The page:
a): Unburned hydrocarbon (HC) Emissions of the two diesel fuels (b): CO Emissions of petroleum diesel and birrea biodiesel (B100) (c): CO2 Emissions of petroleum diesel and birrea biodiesel (B100)

Overall results indicate that using birrea biodiesel in a compression ignition engine provides significant reduction in HC emission levels than petroleum diesel, while levels of CO and CO2 emissions are quite comparable.


5. Economic feasibility of using Sclerocarya birrea to produce biodiesel

The future outlook of the Sclerocarya birrea biodiesel fuel is bright on the basis of abundance and minimal conflict with food security. As discussed in section 2, Sclerocarya birrea plant is abundant in Botswana and an almost negligible fraction is utilised for purposes that use the fruit pulp and juice, discarding the seed as a byproduct. Thousands of tons of the fruits are left to rot annually as an untapped resource. The major economic factor to consider with respect to the input costs of biodiesel production is the feedstock, which is about 80% of the total operating cost [37]. Other important costs relate to the geographical area of the feedstock, variability in crop production from season to season, labor and production inputs including methanol and catalyst. These costs depend on the prices of the biomass used and the size and type of the production plant. Other important factors that would determine the production cost of birrea biodiesel are the yield and value of the byproducts of the biodiesel production process, such as oilseed cake (a protein-rich animal feed) and glycerine (used in the production of soap and as a pharmaceutical medium). Since birrea nut oil has not been studied as a potential feedstock for production of biodiesel, precise production costs are yet to be established.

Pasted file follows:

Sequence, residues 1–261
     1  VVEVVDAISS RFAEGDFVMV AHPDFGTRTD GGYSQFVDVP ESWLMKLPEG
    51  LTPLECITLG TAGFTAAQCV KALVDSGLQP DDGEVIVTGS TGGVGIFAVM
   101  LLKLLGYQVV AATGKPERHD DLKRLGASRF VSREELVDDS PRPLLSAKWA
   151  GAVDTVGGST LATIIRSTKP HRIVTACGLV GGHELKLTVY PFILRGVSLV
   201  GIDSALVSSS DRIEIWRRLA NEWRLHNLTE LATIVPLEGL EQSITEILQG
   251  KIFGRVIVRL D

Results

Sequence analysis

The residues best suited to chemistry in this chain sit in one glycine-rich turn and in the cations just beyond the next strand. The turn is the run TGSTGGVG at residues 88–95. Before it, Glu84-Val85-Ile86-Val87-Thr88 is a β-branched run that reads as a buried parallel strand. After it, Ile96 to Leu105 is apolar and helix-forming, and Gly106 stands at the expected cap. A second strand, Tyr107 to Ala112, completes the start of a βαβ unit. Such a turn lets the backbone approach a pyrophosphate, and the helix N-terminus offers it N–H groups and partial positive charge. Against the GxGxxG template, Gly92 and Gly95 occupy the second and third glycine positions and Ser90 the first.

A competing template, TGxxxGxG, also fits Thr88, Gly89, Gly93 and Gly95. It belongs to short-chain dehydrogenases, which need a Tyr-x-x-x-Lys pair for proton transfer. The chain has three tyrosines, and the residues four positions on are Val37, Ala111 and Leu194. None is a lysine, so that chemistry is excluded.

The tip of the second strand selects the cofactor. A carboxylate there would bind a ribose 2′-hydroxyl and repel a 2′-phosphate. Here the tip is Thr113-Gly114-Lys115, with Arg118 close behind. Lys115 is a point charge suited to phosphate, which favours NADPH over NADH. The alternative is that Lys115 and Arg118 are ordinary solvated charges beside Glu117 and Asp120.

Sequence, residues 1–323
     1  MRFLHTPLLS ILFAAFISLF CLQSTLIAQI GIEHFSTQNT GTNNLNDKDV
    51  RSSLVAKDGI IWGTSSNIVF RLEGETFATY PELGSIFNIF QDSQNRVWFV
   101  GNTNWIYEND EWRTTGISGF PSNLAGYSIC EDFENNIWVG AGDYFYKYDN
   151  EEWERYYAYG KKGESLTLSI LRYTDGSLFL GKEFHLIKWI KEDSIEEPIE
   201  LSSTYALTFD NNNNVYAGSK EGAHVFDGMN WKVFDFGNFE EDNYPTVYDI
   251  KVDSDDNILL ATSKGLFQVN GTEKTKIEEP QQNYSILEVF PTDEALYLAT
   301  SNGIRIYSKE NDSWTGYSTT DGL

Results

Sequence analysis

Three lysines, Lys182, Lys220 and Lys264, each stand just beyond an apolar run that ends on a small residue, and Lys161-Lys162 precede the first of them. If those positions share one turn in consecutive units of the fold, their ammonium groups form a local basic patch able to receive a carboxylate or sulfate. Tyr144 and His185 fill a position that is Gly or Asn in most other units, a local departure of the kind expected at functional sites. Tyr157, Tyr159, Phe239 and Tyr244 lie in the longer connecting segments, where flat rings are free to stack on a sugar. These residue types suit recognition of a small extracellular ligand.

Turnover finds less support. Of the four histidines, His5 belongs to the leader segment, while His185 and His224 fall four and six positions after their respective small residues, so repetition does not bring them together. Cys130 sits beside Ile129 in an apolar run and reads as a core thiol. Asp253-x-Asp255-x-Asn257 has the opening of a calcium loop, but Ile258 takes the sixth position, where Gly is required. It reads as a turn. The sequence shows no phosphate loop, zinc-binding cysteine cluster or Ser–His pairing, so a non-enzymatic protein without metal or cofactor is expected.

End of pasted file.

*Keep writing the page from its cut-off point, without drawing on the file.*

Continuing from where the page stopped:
This study aims to establish the technical properties of the biodiesel as a suitable fuel for the compression ignition engine, thereby providing a basis upon which socio economic feasibility analysis can be done to further the research. Factors including actual yield of birrea fruits per hectare and associated production and logistics costs will need investigation.

Production of biodiesel from sclerocarya birrea will however have other obvious social impacts. It will provide a source of income and employment for many families. Thousands of rural people who are largely unemployed would earn income from the gathering and processing of the raw material into biodiesel. Thus the logistics of harvesting the raw material is deemed simple and cost-effective. Furthermore, the fact that sclerocarya birrea tree thrives and produces abundantly under natural (unoptimised) conditions implies a substantial reduction in overall costs of producing biodiesel from this plant species. Optimising growing conditions, if desired, may increase the yield.